About that business card above. Ain’t that hilarious! Or pompous. But so many full-timers we meet have business cards, and they hand them out with abandon. “Let us know when you get to Mexico and we can recommend a dentist.” Or, “We have a place in Yuma you can park.” Or just, “It’s great to meet you; send us an email to keep in touch.”

I’ve been scribbling the URL of this site on scraps of paper for so long that I broke down and had these made. With that image filling the card, they’re so flamboyant and unprofessional, but hey, we’re not professionals, so what the heck. And I did give out my very first card to the friendly vanlifers.

Banjo and My Morning Walk

The best part of this campground are the hiking trails leading in several directions. On Friday morning, tons of people gathered up at the horse corral area for a cross-country race (we listened to the loudspeaker from inside the trailer since it was cold that morning) on those trails—that’s how far-reaching they are.

Tracy takes Banjo for long walks after lunch, for more than an hour along the ridge overlooking the valley down into the town of Gardiner.

I go for about an hour, carrying bear spray and trying to keep Banjo from picking up and crunching on too many elk bones. Hiking directly from your campsite is primo.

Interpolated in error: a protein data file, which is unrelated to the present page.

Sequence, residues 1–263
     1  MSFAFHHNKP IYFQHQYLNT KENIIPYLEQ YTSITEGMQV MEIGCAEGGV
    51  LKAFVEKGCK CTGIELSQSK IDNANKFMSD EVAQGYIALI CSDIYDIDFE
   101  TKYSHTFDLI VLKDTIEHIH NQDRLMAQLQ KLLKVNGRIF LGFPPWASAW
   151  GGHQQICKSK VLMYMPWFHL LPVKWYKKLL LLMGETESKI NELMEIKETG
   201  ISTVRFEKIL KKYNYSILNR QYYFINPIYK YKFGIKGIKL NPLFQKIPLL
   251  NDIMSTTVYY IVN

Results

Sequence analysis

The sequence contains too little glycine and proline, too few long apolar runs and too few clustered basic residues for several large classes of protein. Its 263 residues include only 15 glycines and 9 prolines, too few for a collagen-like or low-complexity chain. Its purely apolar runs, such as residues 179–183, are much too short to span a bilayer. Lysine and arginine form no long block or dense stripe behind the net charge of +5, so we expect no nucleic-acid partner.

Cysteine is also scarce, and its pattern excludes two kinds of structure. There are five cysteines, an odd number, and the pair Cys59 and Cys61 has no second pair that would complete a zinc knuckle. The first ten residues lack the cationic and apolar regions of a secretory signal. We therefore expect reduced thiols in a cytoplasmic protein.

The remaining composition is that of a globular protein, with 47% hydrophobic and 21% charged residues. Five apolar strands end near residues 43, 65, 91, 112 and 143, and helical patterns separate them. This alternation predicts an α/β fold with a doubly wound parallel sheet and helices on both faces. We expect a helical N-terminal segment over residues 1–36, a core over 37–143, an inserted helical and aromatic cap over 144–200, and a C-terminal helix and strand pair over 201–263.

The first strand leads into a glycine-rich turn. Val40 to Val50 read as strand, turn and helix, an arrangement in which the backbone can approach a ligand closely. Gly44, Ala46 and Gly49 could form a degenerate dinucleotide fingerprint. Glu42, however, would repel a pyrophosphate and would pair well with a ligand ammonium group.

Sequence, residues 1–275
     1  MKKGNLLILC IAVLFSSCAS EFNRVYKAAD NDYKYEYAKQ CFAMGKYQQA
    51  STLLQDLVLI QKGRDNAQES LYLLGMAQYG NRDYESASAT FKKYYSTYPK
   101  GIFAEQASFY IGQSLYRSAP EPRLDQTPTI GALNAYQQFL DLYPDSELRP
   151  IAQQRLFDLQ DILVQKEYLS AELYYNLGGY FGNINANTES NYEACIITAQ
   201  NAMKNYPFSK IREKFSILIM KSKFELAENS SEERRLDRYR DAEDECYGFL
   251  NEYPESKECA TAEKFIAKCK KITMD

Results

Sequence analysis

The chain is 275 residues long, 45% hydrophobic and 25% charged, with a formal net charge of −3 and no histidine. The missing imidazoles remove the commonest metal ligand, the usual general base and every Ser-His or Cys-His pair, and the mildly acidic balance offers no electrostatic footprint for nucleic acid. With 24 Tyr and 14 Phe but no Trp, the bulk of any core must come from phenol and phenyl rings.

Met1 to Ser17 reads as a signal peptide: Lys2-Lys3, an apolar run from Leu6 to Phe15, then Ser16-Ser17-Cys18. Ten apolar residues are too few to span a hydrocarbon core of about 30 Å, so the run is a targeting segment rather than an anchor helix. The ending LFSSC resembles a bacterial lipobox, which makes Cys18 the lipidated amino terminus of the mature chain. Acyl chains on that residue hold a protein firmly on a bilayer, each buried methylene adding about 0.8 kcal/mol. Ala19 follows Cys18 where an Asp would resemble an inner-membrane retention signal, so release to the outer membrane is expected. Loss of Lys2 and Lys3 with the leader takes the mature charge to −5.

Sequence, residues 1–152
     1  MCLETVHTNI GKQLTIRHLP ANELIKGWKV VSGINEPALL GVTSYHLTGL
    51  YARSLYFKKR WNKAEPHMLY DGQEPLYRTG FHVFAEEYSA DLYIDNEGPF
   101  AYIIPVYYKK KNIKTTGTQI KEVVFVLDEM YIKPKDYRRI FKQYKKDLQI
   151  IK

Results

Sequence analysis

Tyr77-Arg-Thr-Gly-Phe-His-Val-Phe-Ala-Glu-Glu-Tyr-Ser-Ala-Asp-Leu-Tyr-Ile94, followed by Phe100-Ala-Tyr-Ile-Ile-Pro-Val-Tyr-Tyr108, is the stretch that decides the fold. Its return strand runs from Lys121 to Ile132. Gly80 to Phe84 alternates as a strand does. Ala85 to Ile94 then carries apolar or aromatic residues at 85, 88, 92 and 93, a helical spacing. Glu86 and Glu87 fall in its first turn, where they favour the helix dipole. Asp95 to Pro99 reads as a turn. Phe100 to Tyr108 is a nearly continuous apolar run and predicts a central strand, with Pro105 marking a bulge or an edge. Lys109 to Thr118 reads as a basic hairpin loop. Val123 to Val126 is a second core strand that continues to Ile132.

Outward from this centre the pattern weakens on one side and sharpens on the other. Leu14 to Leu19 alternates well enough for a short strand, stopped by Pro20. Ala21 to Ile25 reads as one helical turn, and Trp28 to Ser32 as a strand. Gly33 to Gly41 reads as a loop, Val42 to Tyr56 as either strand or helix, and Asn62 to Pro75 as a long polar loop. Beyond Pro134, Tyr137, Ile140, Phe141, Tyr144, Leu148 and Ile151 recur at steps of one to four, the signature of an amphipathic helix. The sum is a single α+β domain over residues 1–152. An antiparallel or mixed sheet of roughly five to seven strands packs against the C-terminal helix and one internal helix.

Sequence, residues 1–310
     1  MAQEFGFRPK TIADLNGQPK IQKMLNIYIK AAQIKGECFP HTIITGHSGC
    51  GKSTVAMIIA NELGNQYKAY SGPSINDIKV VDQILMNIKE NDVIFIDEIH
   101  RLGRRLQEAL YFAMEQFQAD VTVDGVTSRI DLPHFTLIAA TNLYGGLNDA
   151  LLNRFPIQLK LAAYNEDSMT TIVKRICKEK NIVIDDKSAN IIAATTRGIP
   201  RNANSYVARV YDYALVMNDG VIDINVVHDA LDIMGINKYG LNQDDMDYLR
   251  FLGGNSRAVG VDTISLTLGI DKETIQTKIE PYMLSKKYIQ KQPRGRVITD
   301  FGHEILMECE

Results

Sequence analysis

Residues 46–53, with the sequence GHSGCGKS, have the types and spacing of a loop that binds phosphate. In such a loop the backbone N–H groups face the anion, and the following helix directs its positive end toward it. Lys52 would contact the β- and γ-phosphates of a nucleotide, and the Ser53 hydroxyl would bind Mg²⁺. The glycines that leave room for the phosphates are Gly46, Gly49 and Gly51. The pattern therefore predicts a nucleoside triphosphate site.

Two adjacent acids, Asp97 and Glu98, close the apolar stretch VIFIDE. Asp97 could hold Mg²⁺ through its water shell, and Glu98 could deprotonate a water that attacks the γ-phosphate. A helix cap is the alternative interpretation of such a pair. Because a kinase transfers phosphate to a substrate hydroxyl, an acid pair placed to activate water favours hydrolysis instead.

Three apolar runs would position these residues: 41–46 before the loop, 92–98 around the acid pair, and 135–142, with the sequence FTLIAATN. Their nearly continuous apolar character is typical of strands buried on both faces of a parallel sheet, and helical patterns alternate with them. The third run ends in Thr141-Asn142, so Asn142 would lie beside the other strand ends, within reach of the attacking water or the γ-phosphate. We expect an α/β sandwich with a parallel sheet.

That Bull Elk

Here’s that same elk I posted pictures of in my last post; he must hang out in the Mammoth Lodge area every morning and evening. The rangers have probably named him, and they have their hands full keeping people from getting too close to him.

These pictures just don’t do his size and bulk justice. We watched as he scratched his enormous antlers on this tree, ate the bark, scratched his back with his antlers, bugled at another bull elk nearby, and then sauntered away. His body palpitates before he bugles, and its bulk sways as he walks.

He is bigger than our truck, bigger than anything I’ve seen. But then I say that when I’m riding close to a bull bison, and that time we watched a moose from our campsite. They’re all bigger than I’ve ever seen!

Tonight we’re driving to where we hear there are grizzlies, and tomorrow we’re moving on to Grand Teton, where I hear moose and elk (and tons of other animals) are even easier to see. Bring it.